1. Plan to use video. When recording, share video of yourself talking or have your video alongside slides on the screen. Seeing the face, expressions, and tone of the facilitator helps participants connect with you and the material. Use good lighting and check your audio in advance, to make sure you come across clearly. If you are uncomfortable being on camera for the whole session, at least do a welcome video of 30 seconds or a minute, to let participants know who you are.
2. Be engaging. Good facilitation is good facilitation, whether virtually or in person. No monotonous lectures, here! Maintain a conversational tone and make eye contact by looking at the camera. TIP: Set up a mirror on the wall behind your webcam. Practice talking to your reflection—yes, seriously—to help you feel more like you're talking to a person and, in turn, help the recording look and sound like you're talking to real people.
3. Create the environment. You create a learning environment through the design of your online session. You set expectations, tone, vibe and ways of engagement. All those aspects are important, to keep your participants engaged. Do your best to keep the learning within the space you've established. It's fine to ask participants to depart from your session to review an external link or two, but do that sparingly. You don't want them to get pulled into other online activities and forget to return to the learning space.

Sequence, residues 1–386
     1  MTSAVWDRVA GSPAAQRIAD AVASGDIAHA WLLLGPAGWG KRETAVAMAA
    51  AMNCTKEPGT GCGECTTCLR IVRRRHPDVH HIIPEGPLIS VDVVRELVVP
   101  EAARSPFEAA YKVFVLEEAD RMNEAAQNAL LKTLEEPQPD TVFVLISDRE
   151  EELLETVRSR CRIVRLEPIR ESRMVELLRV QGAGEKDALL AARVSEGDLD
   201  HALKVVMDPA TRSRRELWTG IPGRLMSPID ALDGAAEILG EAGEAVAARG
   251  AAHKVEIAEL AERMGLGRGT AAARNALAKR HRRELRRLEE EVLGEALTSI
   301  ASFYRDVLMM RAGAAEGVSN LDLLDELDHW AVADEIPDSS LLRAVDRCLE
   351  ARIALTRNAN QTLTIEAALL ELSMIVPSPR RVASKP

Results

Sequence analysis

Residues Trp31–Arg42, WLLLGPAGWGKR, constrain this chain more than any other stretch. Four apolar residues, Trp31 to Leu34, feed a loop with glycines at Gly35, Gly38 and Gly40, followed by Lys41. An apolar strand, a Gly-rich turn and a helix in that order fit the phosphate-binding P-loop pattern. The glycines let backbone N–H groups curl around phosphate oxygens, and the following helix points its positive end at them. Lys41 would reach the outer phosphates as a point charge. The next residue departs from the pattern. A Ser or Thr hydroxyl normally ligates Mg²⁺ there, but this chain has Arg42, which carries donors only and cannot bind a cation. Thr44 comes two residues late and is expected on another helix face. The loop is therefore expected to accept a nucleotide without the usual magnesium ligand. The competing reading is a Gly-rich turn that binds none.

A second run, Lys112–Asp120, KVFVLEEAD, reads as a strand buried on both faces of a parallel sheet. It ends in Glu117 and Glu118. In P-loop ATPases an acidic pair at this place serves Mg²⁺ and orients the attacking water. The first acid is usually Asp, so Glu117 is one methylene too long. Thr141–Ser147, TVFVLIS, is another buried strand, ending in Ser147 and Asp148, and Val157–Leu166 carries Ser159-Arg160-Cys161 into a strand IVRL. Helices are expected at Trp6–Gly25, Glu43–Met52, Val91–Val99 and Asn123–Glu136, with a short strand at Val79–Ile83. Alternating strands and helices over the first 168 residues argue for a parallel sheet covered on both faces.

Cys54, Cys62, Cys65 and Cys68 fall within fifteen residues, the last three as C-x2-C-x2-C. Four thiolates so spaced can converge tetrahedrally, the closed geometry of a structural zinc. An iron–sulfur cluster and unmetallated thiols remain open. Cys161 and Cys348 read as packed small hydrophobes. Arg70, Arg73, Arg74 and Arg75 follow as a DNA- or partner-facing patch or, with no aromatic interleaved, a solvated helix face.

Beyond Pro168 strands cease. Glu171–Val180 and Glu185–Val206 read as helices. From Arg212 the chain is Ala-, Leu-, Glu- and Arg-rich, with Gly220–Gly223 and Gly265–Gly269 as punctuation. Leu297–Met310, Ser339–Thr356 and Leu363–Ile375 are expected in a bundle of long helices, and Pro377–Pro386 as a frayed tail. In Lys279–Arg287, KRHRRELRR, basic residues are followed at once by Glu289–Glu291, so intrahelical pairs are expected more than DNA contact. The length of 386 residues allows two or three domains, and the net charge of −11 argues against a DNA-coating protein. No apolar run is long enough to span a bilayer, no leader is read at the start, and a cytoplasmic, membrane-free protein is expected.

4. Set clear, tangible learning objectives. Be very clear about what participants will walk away with as a result of participating in the session. Less is more in this situation. If you were offering a money-back guarantee, what could you promise that each person would know or be able to do when the session is over? Introduce the one to two objectives at the beginning of the session description and stick to them.
5. Communicate expectations. Get participants ready by clearly explaining what they will learn, how they will learn it and what materials they need for the session. It's OK to preview the full session right at the beginning. For example: "First, we'll talk about your own connections to discipline. Then, we'll look at three key child behavior theories that have influenced how adults work with kids. And, finally, you'll develop your own behavior guidance theory and an action plan to support your work with kids moving forward." While you may include downloadable handouts within the session, participants may not be able to print them immediately. So, if you want them to take notes, ask them to get a notepad and pen ready.
6. Break the session into smaller chunks that directly relate to the session objectives. Provide concrete examples, models or reminders in each chunk. Be explicit on how each chunk relates to the objectives. If you're building background knowledge, say: "First you need to know X, so you can do Y." Participants want to know what you have to share, but they may have divided attention. Take every opportunity to show them how the session is delivering on the promised objectives.
7. Invite participants to pause and return to the session. After each learning chunk, have participants pause the recording to complete a related activity. Activities could include responding to a quiz question so they can assess how they are doing, responding to a different discussion thread that asks them to reflect on their own connection to the topic or share an experience they've had with the topic, or adding a response/photo/video to a Google doc or shared slide deck.